A roadside survey of unlicensed driving in Queensland
Submission Date: 2011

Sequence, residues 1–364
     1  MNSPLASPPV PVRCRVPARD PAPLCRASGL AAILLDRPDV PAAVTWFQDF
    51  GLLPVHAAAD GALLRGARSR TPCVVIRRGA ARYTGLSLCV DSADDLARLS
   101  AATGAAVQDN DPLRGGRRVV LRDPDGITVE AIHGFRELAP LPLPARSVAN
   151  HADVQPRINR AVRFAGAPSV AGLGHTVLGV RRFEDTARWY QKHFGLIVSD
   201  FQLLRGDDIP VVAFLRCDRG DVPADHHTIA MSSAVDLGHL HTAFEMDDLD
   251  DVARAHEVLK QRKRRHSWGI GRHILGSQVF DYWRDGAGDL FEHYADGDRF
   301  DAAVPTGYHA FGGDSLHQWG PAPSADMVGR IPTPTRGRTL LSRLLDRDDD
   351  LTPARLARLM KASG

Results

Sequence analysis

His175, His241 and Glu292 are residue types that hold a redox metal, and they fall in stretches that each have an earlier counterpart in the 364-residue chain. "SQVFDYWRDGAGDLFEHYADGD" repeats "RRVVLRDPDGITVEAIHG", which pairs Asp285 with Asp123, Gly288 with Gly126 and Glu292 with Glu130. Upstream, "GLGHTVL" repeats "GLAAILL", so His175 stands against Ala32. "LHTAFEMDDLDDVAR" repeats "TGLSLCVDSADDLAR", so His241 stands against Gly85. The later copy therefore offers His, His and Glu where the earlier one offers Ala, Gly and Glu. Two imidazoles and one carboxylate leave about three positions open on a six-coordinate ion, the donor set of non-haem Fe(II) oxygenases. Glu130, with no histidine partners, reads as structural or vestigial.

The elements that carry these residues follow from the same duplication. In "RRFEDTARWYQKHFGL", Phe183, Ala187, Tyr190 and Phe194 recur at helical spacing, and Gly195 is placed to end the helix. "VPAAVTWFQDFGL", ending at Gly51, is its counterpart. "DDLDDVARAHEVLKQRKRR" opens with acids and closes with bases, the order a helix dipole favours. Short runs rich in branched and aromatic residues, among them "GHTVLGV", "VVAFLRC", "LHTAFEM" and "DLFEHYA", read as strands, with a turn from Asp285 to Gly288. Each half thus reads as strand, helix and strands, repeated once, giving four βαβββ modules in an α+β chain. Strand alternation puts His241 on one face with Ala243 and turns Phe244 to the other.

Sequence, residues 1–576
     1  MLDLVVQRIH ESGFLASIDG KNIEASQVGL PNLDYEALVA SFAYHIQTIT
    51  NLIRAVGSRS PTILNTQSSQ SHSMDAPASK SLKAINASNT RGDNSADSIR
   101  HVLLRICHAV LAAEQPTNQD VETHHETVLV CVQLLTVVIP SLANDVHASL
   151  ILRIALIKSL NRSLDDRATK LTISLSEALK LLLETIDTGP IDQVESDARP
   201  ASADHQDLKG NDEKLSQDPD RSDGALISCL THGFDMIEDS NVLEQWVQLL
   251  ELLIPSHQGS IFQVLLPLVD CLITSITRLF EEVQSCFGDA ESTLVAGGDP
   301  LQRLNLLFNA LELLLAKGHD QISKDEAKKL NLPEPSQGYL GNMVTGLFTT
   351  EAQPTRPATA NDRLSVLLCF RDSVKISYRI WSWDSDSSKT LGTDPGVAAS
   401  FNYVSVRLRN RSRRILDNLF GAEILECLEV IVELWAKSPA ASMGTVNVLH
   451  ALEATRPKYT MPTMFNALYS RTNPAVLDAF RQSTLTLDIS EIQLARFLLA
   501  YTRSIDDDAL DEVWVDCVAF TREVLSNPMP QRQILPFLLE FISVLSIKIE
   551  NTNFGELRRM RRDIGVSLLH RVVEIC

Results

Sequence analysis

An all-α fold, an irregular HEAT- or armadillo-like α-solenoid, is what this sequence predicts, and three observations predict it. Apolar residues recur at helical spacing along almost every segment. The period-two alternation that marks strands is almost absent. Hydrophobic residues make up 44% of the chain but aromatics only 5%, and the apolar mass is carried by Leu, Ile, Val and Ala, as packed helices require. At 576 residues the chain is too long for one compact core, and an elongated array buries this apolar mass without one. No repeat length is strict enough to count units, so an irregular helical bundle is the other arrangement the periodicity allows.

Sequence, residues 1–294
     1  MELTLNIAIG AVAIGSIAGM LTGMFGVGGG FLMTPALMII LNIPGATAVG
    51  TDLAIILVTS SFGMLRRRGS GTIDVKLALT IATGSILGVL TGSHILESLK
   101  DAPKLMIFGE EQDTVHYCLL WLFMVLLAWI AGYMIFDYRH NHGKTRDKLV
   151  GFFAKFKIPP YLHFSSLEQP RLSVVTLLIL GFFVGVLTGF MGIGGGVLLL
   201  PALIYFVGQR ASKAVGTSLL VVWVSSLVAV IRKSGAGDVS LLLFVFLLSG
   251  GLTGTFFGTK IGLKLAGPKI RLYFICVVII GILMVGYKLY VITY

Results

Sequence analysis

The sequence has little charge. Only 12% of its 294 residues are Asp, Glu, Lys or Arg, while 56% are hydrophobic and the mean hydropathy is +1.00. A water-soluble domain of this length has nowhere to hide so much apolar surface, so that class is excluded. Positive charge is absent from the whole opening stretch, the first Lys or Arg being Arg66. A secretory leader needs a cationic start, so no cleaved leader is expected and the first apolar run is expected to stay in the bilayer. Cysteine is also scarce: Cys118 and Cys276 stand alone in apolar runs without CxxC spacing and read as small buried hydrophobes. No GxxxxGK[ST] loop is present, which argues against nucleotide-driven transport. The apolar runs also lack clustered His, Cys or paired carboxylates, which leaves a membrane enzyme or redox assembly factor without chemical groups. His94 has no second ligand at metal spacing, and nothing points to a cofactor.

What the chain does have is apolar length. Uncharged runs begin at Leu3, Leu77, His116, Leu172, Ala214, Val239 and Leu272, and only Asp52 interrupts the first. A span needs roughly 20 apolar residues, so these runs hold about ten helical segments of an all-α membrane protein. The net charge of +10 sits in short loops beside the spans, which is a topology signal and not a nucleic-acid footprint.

Unlicensed driving remains a serious problem in many jurisdictions, and while it does not play a direct causative role in road crashes, it undermines driver licensing systems and is linked to other high risk driving behaviours. Roadside licence check surveys represent the most direct means of estimating the prevalence of unlicensed driving. The current study involved the Queensland Police Service (QPS) checking the licences of 3,112 drivers intercepted at random breath testing operations across Queensland between February and April 2010. Data was matched with official licensing records from Transport and Main Roads (TMR) via the drivers’ licence number. In total, 2,833 (91.0%) records were matched, with the majority of the 280 unmatched cases representing international or interstate licence holders or duplicate records (n = 164), leaving 116 unmatched cases. QPS data showed that only one percent (n = 31) of drivers were unlicensed at the time of the survey, although examination of the TMR records revealed that an additional 9 individuals (0.4%) had a current licence sanction but were not identified as unlicensed by QPS. Thus, the combined data indicate that 1.3% (n = 40) of drivers were unlicensed at the time of the survey. Given that some of the unmatched cases could have been unlicensed, this proportion could be as high as 5.01%. The proportion of unlicensed driving in this study is considerably lower than the involvement of unlicensed drivers in fatal and serious injury crashes in Queensland, consistent with other research confirming the crash risk of the group. However, the high number of unmatched records suggest that it is possible the on-road survey may have under-estimated the prevalence of unlicensed driving, so further development of the survey method is recommended.